Then, we iterate through each item of the first compartment and look for the same item in the second compartment with the functions. To achieve this, we have to check the item we are looking at, has not already be checked (we don’t want to count several times the same item) with the function std::ranges::any_of and a std::vector variable. If that check is negative, then, we can check is the item is also in the second compartment using std::any_of, and add the priority value, if this last check is positive.

Once we have finished iterating through the item of the compartment, we go to the next rucksack, and do it all over again. And once we have go through all the rucksack, we are done and can look at our final value of `propertySum` 🙂

## Part 2

### The Problem

After successively resolving the first part, the elves have another one for use.

Each triplet of rucksacks has the same badge (item) in them, but they don’t know what the badges look like. Since it helps identify to which group the elves are, we need to find the item which is the badge for each group of three rucksacks: the badge is the only item that you can find in the three rucksacks.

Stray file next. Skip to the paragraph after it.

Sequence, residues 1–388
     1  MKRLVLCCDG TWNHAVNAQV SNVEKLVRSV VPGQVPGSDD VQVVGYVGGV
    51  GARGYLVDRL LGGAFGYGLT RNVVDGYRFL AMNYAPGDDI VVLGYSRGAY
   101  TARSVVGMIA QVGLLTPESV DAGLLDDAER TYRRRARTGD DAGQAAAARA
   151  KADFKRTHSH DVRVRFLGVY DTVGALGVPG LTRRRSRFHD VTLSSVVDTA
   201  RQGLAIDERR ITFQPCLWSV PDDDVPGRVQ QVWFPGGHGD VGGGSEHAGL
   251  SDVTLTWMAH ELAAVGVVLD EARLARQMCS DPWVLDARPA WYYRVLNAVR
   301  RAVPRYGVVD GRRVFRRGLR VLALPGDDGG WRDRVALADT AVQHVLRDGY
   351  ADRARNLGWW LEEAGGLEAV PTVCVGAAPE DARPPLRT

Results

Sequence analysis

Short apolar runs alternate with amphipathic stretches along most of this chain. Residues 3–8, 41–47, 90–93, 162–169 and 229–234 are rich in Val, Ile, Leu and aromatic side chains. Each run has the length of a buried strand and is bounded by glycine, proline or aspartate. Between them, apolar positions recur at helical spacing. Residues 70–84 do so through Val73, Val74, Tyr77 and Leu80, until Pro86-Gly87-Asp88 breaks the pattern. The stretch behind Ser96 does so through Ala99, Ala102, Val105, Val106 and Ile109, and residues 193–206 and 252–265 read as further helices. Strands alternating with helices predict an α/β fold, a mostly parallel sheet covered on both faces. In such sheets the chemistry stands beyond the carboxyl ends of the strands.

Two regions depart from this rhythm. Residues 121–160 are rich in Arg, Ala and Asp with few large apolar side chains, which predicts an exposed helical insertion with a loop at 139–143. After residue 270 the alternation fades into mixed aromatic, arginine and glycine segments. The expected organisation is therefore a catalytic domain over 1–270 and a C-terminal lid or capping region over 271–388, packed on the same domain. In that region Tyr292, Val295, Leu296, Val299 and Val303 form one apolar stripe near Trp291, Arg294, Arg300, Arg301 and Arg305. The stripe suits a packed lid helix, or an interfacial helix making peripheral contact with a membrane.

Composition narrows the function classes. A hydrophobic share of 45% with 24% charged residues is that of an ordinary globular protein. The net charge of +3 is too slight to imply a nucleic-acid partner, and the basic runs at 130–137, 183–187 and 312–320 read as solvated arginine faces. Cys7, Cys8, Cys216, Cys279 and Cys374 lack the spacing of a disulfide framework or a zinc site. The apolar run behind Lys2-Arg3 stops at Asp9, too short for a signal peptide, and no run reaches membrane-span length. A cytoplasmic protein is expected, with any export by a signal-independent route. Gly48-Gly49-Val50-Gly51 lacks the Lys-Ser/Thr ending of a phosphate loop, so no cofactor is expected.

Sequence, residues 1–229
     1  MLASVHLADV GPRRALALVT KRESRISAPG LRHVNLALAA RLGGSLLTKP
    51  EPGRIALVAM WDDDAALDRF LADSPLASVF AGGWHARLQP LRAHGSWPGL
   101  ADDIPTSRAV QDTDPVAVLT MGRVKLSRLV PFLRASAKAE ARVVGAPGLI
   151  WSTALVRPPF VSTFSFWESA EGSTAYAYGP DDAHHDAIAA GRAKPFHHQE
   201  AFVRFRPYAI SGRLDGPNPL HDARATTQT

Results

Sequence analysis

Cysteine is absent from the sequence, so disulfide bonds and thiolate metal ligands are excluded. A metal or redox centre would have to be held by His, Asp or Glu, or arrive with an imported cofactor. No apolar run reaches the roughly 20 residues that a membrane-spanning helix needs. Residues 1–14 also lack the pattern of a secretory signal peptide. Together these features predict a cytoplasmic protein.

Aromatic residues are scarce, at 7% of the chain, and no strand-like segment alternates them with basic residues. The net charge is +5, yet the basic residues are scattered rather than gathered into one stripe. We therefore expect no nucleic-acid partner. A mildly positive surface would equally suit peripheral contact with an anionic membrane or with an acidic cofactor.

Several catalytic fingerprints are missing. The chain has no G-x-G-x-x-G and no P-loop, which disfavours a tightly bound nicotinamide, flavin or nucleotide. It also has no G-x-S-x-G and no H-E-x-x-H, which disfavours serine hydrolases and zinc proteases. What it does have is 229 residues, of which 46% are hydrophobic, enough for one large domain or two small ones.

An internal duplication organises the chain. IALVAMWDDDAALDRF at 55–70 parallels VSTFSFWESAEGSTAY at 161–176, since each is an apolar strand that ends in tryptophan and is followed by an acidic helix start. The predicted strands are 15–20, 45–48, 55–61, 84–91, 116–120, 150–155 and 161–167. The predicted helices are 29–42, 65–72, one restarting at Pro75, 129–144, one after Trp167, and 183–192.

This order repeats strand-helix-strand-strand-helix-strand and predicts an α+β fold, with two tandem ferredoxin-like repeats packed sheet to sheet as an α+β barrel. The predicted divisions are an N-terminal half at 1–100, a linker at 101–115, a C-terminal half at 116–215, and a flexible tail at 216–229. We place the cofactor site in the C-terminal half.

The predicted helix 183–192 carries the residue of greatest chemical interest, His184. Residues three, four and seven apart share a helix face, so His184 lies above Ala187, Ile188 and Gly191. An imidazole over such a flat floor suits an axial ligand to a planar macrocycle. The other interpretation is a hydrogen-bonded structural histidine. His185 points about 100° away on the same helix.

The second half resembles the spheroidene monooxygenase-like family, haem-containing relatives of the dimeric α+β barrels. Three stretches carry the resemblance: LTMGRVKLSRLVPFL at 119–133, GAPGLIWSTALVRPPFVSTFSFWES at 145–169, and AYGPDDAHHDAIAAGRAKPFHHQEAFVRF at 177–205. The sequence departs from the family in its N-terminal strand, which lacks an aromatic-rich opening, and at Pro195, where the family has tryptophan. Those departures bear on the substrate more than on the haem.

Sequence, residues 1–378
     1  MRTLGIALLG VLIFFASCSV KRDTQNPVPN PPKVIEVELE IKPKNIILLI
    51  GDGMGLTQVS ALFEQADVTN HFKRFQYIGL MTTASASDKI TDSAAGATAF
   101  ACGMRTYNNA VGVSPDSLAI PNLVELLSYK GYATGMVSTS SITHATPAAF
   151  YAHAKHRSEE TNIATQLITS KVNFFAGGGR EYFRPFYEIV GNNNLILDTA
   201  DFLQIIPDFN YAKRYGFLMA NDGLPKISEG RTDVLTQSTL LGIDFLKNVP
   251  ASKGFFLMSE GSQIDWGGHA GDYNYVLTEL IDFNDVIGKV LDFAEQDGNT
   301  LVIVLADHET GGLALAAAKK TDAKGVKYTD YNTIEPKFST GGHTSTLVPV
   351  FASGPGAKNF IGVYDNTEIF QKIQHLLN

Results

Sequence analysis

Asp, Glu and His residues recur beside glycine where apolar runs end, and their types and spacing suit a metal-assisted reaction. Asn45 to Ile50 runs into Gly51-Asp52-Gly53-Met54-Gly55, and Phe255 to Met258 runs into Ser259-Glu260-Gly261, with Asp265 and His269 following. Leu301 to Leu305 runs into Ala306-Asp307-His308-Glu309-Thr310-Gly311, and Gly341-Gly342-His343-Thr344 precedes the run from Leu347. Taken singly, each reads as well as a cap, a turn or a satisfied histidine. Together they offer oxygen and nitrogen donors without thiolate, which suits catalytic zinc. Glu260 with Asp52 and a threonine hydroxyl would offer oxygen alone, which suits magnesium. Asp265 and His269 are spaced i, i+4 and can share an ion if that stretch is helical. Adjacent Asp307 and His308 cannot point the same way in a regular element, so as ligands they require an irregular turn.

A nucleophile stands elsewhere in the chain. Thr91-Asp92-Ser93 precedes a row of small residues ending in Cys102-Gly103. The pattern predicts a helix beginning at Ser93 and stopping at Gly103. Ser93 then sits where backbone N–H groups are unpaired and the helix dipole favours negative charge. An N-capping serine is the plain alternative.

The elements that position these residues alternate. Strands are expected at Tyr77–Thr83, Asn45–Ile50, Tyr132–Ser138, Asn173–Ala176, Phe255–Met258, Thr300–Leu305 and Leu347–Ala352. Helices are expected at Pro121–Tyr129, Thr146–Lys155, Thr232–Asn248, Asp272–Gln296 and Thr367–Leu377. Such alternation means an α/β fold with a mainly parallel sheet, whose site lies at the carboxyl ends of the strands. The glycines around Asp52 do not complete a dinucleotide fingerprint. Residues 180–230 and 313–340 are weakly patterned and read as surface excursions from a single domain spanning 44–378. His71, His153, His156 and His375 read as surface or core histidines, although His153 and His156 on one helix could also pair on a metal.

Like for the previous part, we will use the sum of priorities of the items we found.

### Solution

Keeping the handy function used in the previous part, we can create a completely new algorithm for this second part:

```PuzzleSolution computeSolution(const std::string_view input) {
ItemTypePriority propertySum{0};

for (auto it = input.begin(); it != input.end();) {
const auto endOfLineRucksack1 = std::find(it, input.end(), '\n');
const auto startOfLineRucksack2 = std::next(endOfLineRucksack1);
const auto endOfLineRucksack2 =
std::find(startOfLineRucksack2, input.end(), '\n');
const auto startOfLineRucksack3 = std::next(endOfLineRucksack2);
const auto endOfLineRucksack3 =
std::find(startOfLineRucksack3, input.end(), '\n');